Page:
Monday, December 16, 2013

Wonder Woman Vols. 1&2 by by George Pérez (Author), Len Wein (Author), Greg Potter (Author), Bruce Patterson (Illustrator)

I tend to circle Wonder Woman stories cautiously. Part of the problem is she's the heroine everyone talks about, the one I'm absolutely supposed to like, the way I like Batman or Superman, someone who's just there--but who is a woman, and who is holding the "prominent woman superhero" status all on her lonesome. That's a huge load for one character to carry. Add to that, she's supposed to be both peaceful and a warrior. No tension there!

Anyway, emboldened by my enjoyment of J. Michael Straczynski's Wonder Woman, I decided to try Perez's earlier retelling. My reaction is decidedly mixed.

Wonder Woman Vol 1: Gods and Mortals
The gods are in deep trouble. Mars is getting way out of hand, threatening to destroy the human race with his hijinks and thus destroying the gods, who need human worship to survive. For reasons that are not quite clear, they can't fight Mars themselves but need Wonder Woman to defeat the god of war and (hopefully) bring him to his senses.

The bad (and it's very bad): Rape as backstory. For an entire race. Honestly! Hercules tricks the peaceful (yet skilled in war) Amazons into trusting them, takes them into captivity where they are systematically raped. They escape and are sent by the goddesses (and god: Mercury had a role) who created them to live in isolation on Themyscira, guarding against the escape of evil imprisoned under the island. There are hints that this is for their protection, but equal, and somewhat contradictory, hints that this is something of a punishment for their failure to teach the world how to live peacefully, and for their anger at their rapists. This is a very strange, very mixed message.

The good: In the modern day, there are a lot of strong friendships between women and they ring true. One of the keys to Wonder Woman's success is a Harvard researcher, a librarian, and her subsequent friendship with Julia and her daughter, Vanessa, remains a strength throughout both volumes. I also enjoyed the way that Diana's relationship with Steve Trevor becomes one of friendship rather than romance, and that Etta now has a major role, a lot of backbone, and the ability to plan on her own.

Wonder Woman needs her mortal allies in challenging the god, which is a definite plus: I do prefer team heroes to soloists. The byplay among the godly onlookers doesn't add a lot to the tale (Who cares what happens to Aphrodite?), but does give some backstory when needed.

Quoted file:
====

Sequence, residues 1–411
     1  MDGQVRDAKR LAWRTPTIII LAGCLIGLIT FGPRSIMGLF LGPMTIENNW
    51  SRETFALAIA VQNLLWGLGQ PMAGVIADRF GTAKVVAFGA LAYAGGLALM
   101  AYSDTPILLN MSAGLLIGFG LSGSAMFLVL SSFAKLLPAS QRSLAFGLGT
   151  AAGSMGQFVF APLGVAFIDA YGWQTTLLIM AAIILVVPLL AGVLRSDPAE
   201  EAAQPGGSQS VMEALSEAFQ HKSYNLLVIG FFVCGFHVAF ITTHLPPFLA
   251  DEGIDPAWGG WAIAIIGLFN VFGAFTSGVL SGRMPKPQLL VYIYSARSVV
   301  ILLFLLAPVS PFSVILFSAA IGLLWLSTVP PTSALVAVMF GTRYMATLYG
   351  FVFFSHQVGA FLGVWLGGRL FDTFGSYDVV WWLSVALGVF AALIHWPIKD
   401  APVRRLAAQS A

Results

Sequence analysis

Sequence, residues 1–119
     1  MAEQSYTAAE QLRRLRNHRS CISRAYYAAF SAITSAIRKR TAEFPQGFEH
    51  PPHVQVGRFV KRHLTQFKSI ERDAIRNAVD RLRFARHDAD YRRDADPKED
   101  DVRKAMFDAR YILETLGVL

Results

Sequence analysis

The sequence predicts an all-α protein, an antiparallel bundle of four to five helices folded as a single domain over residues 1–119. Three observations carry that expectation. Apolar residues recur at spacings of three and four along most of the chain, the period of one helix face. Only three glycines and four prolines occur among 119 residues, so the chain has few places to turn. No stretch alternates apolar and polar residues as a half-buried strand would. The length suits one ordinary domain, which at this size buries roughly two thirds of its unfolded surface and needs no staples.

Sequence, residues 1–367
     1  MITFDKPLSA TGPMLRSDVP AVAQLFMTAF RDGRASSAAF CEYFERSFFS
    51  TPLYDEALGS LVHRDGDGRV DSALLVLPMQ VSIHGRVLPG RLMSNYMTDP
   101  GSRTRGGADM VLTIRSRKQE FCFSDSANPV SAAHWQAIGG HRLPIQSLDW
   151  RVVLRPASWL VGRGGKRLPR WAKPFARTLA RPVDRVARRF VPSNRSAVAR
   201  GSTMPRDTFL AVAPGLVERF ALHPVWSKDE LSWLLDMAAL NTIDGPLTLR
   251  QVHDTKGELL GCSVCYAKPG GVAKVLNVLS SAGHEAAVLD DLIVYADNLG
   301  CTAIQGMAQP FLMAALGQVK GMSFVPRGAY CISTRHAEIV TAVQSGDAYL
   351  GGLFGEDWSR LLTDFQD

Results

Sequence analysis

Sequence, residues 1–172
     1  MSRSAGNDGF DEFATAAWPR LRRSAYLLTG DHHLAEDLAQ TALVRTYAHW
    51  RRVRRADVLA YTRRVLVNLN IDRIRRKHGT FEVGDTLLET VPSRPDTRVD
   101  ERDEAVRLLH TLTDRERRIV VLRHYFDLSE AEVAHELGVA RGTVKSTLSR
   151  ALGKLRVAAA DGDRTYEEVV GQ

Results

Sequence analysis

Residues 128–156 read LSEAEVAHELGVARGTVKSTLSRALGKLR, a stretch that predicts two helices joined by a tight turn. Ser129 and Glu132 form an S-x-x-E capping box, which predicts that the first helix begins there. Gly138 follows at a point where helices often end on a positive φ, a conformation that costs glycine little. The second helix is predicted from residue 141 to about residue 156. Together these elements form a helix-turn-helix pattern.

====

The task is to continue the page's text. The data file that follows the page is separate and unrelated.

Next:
Verdict: Entertaining, but hasn't really hooked me on reading more Wonder Woman, and I'm still finding the superheroes the least interesting of the graphic novels I've picked up during the Summer of the Graphic Novel (Yes, I know, it's now the Winter of etc, but the "half year of..." is really lame sounding, and the Summer of the Dragonfly is still going on, and that started last year)

Wonder Woman vol 2: Challenge of the Gods
As with volume one, the friendships are strong, and The individual challenges and battles are entertaining enough, but once again the Amazons are threatened with destruction if Wonder Woman doesn't prove her worth. For a group of immortal warriors, they're awfully vulnerable. Oh, and once again they are threatened with rape. The bulk of the story is shaped by Zeus planning on an extended vacation down on the island full of beautiful women; he's angry when Diana refuses his initial offer of "blessing" and presents her with a series of challenges to prove her worth and preserve her, and the island's, safety from his lust. This is not out of character for the god, really, but this is the second book in a row where rape has been a major plot point.

Also, the whole Hercules raped the Amazons story is continued. While I am quite sure that there are valuable tales to be told about a woman forgiving her rapist, and I'm sure that they could (perhaps have) been told in comic book form, I am also certain that these stories shouldn't involve magically resolving the issue by tying rapist and victim together with a magic lasso of truth. That whole "magical insight" and "instant understanding" completely undermines and ignores the trauma of rape. Having Hercules declared more of a man because he realizes women can be equal to men? Not bad. Rewarding him with a kiss from his victim? Very bad.

Again, there are some good bits here: The friendships remain strong. I liked the Etta and Steve romance--I'm a sucker for a good romance. Also, though I probably wasn't supposed to, I loved the rapacious, over-the-top publicity agent, Myndi Mayer. Here jeweled heels and refusal to take no for an answer were wonderful.

All in all, though, I wouldn't say this was one of my more enjoyable forays into the world of superheroes.

The bit that interests me most is almost a throwaway bit: The first arc in here concerns the Cheetah and her attempt to lure Wonder Woman in by promising her evidence of the lost Amazons, the ones who didn't take the gods offer/exile of life in isolation on Themyscira. Nothing, other than a fight scene, comes of it, but I can't help thinking that there's more to tell of that tale in the future.

So, it's a mixed bag, and of course Perez's reinvention has now been trumped, or at least enfolded, by Straczynski's which has in turn been wiped from continuity by the New 52.

Other Reviews links of interest

Gods and Mortals on Goodreads
Challenge of the Gods on Goodreads

Got a review you think I should link to? Let me know!

Gods and Mortals on Amazon
Challenge of the Gods on Amazon

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